A Memento of a Marriage
Enter marriage with your eyes wide open
After marriage keep your eyes half closed - Folklore
The Lady-of-the-House stitched a gift for her parent’s 50th wedding anniversary. She chose colors to match their décor. Observing their relationship the Lady-of-the-House has seen how her parents keep a sense of proportion. “What advice would you give a young couple,” she asked her mother. A few hints were shared.
A wife needn’t always be silent in situations of conflict but when she speaks the hard truth she does so kindly – especially when upset. Love honors verbally, intellectually, emotionally, physically and economically.
Love keeps inevitable idiosyncrasies to their rightful size – minuscule.
Thank you, Mom.
With a patient eye open for a sampler that would double as a memento of her own marriage, the Lady-of-the-House finally found one. It is in the winter 2005 issue of Sampler & Antique Needlework Quarterly.
A pen friend sent her a stack of back issues. The gift was received with earnest appreciation.
About Schoolgirl Samplers
A typical feature of an early American sampler is an alphabet. The sampler might be kept in a sewing box and the alphabet referenced when linens in a trousseau were to be monogrammed or embroidered.
Tiny cross-stitches might form the words of wise saying or religious verse in the center of the sampler. Above and below this might be “spots.” Spots of birds, flowers, majestic lions and crowns, figures of family members or pets offered interesting sewing practice. A house, very much like the one the girl lived in, might also be a prominent feature. She stitched in her name and dated her work. And perhaps to get the most use out of a piece of linen, a sampler would often be embellished with a border of pink strawberries or a vine of honeysuckle.
What Settled the Matter for the Lady-of-the-House?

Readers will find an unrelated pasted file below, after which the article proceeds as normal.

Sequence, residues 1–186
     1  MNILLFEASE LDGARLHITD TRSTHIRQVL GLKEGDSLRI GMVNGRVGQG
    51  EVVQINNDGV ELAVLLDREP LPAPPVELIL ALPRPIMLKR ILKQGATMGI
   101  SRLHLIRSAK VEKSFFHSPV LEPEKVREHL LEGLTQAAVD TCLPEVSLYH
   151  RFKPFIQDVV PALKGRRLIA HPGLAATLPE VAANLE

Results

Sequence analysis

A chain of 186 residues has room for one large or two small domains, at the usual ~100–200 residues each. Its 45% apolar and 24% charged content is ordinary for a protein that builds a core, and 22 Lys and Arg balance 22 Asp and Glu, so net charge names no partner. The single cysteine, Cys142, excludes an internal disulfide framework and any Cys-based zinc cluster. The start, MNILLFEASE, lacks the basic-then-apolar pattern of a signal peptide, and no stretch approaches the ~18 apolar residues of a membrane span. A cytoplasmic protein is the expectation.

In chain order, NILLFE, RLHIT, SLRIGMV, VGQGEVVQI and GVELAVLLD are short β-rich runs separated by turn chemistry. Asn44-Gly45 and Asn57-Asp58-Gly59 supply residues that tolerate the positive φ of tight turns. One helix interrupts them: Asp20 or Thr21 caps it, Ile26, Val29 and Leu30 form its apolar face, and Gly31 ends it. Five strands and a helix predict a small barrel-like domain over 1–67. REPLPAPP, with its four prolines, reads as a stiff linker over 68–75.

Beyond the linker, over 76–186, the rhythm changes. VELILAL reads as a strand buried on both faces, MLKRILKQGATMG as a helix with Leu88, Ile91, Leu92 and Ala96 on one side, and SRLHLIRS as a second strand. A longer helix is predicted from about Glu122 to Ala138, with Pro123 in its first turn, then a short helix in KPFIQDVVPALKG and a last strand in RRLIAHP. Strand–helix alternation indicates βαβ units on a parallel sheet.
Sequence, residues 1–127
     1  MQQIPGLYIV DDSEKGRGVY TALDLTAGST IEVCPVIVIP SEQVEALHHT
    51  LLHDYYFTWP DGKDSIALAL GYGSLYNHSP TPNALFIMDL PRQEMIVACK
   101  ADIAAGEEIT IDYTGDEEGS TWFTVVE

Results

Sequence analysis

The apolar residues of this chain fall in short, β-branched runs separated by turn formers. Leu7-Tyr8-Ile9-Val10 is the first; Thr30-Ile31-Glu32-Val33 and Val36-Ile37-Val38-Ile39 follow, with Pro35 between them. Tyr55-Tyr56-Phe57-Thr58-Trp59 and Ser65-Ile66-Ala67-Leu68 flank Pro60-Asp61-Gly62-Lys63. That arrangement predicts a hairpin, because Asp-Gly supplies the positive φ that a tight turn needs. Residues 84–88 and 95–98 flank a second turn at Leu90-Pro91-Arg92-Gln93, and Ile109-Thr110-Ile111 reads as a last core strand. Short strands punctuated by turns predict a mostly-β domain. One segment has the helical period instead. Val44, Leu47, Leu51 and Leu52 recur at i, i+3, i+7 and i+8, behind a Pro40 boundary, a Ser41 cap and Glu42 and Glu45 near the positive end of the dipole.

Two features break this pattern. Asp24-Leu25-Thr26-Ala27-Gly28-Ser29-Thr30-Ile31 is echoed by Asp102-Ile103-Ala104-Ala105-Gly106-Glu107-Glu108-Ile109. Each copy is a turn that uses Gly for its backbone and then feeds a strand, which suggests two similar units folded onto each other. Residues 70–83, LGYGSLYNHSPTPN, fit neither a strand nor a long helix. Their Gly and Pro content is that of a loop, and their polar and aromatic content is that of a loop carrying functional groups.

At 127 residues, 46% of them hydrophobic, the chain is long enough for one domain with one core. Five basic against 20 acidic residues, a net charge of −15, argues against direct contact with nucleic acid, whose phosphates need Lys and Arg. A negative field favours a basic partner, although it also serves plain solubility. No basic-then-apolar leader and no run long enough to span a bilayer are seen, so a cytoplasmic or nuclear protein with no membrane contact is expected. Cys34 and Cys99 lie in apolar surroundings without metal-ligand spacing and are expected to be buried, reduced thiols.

“The verse on this historic needlework would make fitting words for a wedding sampler,” she thought.
She also decided that its Adam and Eve would make a fitting representation of a married couple – and (though it wouldn’t cross the mind of the average onlooker) in her heart they represented her marriage. She has been married for thirty-two years to the Man-of-the-House who stands by her in sickness and in health, through richer and poorer with love and friendship.
A Formally Dressed Adam and Eve
It isn’t unusual to find the figures of Adam and Eve on a sampler. They commonly stand on either side of a tree dressed in their fig leaves. Rarely, they can be found fully dressed. This is the case with the sampler the Lady-of-the-House chose. The bottom of this magazine page shows Eve and Adam in “modern” clothes as stitched by Mary Oldfield in 1806 at age 10.
Miss Oldfield dressed the ancient couple – properly. The bell shape of Eve’s dress suggests a corset at the waist but also other undergarments that widened the skirt at the sides of the hip. I’ve read that this fashion emphasized to a suitor that a maiden was capable of producing heirs or in the middle class, general child bearing. In the north east of early America children were valuable help on the homestead.
According to an article in Early American Life Adam’s breeches reflect an earlier American fashion. By1806 knee beeches were going out of style. Long trousers had been gradually taking their place. Breeches would still have been worn with a jacket of tails, however, on formal occasions.
Pastel colors are recommended in the chart for Mary Oldfield. (making progress above) They mirror how the historic sampler has survived and looks today. The Lady-of-the-House wrote her pen friend that she was excited about reproducing a certain antique sampler from one of the magazines. Just for fun she included snippets of her new threads in the envelope with her letter.
Miles away her friend followed a whim and secretly went to work. She picked up some DMC, matching colors of the snippets, and over-dyed them in her kitchen with a tan Ritz dye. With her letter of reply she tucked in tiny bags of her custom threads as a surprise. The Lady-of-House was indeed surprised and intrigued when these “aged” threads spilled out of the envelope.
She wrapped each gingerly around a holding card. This photograph shows the subtle comparison between DMC and over-dyed DMC. The Lady-of-the-House likes to keep the threads for a project in an empty box of note cards.
Leftover threads from past projects are stored in an organizer until they may be called upon again. Can you see the turquoise from her parent’s sampler?
Perhaps you have already gathered your favorite kinds of materials together to create a memento of your life and haven’t delayed as long as the Lady-of-the-House has. When hers is finished she anticipates showing it to you.
Until next time,